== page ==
Voter EducationSan Francisco Living Wage Laws and Other Issues Affecting Low-wage Workers.
- 1. Raising the Minimum Compensation Ordinance
The living wage laws (the Minimum Compensation Ordinance and Health care Accountability Ordinance) require that businesses with a service contract with the City or property lease at the Airport pay workers at least $17 per hour, rising to $17.66 per hour on July 1, 2019. Non-profit service contractors and public entities such as In-Home Supportive Services (IHSS) must pay $16.50 per hour as of July 1. Covered employers also must provide 12 paid days off per year and health care coverage. Businesses with other City-owned property leases must provide health care coverage as a condition of their lease. The MCO rate has historically been $1.75 to $2 per hour higher than the minimum wage. The reasons are twofold. The City does not want to contract with employers that are paying poverty wages, which may lead their employees to rely on public benefits. And, higher-paid employees will provide better services to the City, as employers reduce turn-over and retain experienced employees. The City should expect that businesses that receive our tax dollars or use of airport property should pay a higher wage than the minimum wage.
The wage rate of the Minimum Compensation Ordinance will be adjusted each July 1, starting in 2020, according to the rate of inflation.
- 2. Raising the wage rate in the Minimum Compensation Ordinance without a lower wage for tipped employees
A lower wage for tipped employees should not be implemented because of its negative effects. It has been proven that the abolishment of the “tip credit” (a “subminimum wage” for workers who customarily and regularly receive tips) reduces the poverty rate among tipped workers. Furthermore, it is likely that it could benefit businesses not only by increasing productivity and cutting turnover, but also because workers who receive a higher wage have more money to spend in the local economy. A subminimum wage also encourages abuse and sexual harassment because tipped workers have to please clients since their livelihood depends on their tips. This is particularly important for women in the restaurant industry, who are disproportionately represented in occupations where tips make up a large share of earnings, namely table attendants and bartenders.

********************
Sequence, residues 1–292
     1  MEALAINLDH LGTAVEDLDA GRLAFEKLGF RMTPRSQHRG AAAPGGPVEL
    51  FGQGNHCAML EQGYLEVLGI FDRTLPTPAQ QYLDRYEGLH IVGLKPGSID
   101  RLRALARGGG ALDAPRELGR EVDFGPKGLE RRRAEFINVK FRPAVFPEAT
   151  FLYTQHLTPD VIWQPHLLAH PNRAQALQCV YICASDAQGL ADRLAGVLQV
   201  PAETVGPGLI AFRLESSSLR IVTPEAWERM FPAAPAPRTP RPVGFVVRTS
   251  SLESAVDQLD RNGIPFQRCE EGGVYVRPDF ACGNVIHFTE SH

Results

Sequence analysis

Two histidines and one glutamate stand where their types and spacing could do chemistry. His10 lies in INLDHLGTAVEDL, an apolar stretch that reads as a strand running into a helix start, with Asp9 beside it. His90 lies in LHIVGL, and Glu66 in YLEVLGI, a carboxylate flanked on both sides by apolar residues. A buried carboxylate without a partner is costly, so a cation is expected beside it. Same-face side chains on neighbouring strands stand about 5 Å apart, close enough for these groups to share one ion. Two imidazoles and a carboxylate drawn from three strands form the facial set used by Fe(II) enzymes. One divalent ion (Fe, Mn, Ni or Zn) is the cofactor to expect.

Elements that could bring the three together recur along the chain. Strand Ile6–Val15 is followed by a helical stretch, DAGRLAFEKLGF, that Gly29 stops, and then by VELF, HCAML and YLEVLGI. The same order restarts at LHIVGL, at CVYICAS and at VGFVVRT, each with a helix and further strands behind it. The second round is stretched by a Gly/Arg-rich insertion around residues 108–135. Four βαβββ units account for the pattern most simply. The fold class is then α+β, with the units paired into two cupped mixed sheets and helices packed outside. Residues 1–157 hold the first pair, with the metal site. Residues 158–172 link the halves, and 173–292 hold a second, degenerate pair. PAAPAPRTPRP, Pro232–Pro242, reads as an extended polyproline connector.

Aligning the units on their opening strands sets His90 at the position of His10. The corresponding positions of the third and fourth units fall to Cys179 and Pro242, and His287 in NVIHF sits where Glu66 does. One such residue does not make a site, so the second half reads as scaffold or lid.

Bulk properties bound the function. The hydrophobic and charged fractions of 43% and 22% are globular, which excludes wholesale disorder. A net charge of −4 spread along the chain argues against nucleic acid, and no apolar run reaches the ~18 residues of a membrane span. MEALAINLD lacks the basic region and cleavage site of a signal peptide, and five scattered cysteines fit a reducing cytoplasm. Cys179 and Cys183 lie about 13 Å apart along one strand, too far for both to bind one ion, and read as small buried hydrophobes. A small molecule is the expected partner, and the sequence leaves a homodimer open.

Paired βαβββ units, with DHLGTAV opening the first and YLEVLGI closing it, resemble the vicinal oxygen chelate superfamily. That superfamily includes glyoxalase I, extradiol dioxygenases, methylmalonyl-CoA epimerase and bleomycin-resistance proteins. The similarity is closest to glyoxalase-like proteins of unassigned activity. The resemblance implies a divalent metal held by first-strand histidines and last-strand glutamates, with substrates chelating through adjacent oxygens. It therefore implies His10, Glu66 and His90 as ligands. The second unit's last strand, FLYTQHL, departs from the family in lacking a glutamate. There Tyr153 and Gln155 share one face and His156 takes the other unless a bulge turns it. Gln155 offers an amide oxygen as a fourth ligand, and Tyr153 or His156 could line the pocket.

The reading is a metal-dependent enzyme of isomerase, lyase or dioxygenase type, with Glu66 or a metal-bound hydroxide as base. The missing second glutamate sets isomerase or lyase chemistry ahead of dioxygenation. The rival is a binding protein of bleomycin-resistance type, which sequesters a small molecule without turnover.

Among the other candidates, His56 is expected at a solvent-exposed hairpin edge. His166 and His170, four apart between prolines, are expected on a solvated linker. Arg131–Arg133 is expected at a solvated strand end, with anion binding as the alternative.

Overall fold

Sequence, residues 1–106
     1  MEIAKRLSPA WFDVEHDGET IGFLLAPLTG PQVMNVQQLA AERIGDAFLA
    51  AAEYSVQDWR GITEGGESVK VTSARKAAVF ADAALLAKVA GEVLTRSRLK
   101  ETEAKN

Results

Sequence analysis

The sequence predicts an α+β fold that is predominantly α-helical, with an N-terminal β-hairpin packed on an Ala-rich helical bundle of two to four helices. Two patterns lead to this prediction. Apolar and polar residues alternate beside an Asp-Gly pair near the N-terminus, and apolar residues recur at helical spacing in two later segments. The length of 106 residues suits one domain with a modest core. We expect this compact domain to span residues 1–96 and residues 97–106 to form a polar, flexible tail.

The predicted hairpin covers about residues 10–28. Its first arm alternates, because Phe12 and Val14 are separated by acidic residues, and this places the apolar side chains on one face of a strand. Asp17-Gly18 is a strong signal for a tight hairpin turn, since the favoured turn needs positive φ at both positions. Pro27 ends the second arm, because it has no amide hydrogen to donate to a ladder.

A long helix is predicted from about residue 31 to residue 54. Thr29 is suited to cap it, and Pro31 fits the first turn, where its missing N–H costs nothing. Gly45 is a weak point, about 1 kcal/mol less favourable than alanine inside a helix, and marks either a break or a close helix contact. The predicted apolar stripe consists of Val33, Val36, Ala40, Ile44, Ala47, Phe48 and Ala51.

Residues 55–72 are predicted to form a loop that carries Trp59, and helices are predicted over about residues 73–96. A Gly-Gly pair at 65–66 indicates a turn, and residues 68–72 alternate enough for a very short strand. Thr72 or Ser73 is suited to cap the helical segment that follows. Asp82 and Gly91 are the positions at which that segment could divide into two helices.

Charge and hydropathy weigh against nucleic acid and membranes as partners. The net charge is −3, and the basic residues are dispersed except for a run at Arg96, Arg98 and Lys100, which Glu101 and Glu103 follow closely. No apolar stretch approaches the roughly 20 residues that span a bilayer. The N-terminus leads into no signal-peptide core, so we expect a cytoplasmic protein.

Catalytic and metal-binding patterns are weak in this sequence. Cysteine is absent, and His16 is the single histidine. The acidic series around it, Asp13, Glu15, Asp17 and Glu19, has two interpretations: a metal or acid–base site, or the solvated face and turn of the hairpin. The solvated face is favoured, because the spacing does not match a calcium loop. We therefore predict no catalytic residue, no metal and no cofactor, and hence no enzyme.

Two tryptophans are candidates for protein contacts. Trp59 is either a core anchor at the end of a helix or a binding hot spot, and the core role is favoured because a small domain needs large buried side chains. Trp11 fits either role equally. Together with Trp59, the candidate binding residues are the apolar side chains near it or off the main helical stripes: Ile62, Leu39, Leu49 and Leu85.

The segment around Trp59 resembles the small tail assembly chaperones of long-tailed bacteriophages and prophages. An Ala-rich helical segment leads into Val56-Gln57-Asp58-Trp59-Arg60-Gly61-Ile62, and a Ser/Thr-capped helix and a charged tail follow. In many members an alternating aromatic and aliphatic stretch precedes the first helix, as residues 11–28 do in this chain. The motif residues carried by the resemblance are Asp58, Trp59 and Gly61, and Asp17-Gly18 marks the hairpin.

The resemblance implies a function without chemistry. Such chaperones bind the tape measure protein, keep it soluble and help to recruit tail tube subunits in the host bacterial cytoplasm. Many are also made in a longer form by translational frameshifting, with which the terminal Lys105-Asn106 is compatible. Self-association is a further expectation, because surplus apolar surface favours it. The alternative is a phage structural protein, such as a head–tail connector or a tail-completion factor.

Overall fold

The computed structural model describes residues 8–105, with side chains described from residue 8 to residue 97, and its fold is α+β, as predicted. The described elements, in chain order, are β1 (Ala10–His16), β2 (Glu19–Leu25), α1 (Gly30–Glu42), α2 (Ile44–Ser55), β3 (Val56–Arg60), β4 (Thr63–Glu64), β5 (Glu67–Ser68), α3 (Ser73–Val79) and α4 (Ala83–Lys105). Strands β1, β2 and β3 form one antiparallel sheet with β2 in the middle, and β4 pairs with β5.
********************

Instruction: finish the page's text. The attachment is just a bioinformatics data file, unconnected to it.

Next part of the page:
- 3. Providing to city-funded non-profit workers and home care workers the same wage rate as workers at for-profit city service contractors and funding non-profits in the City budget for the wage increase
There should not be a two-tier wage structure that makes non-profit workers second-class citizens. This fuels income inequality and particularly impacts women and people of color.
The Minimum Compensation Ordinance states that it should be city policy that non-profit organizations be provided adequate funding so that they can increase wages without reducing services or laying-off staff. Department heads are required to issue a written statement that they took into consideration when calculating their budgets increased costs from raising wages.
The City should bring up the wage rate of workers at city-funded non-profit contractors to the same wage rate as workers at for-profit businesses with city contracts. The City should pass through sufficient funding in the city budget to cover the increased wage costs.
- 4. Expanding the Minimum Compensation Ordinance to include workers on other City property besides the Airport, without a lower wage for tipped employees
Currently, the Minimum Compensation Ordinance does not include workers on other City property besides the Airport, such as the Port, Fisherman’s Wharf, Pier 39, AT&T Park, Moscone Convention Center, Bill Graham Auditorium, Golden Gate Park, Park and Recreation lands, city-owned golf courses and city-owned buildings. Nevertheless, most of those City properties are prime locations. For example, Fisherman’s Wharf is the first visitor destination in San Francisco, which means that the companies make a greater profit due to the large number of tourists during the year. However, the workers do not benefit from this situation because they are not eligible for the Minimum Compensation Ordinance wage rate. Therefore, for them, it is more difficult to be self-sufficient in a City where the cost-of-living is higher than ever.
In order to give an opportunity to these workers to be treated like similarly situated workers on City property at the airport, the Minimum Compensation Ordinance should be expanded to all workers on the City properties mentioned above.
- 5. Requiring that the Minimum Compensation Ordinance cover anyone who works on a city service without an hour threshold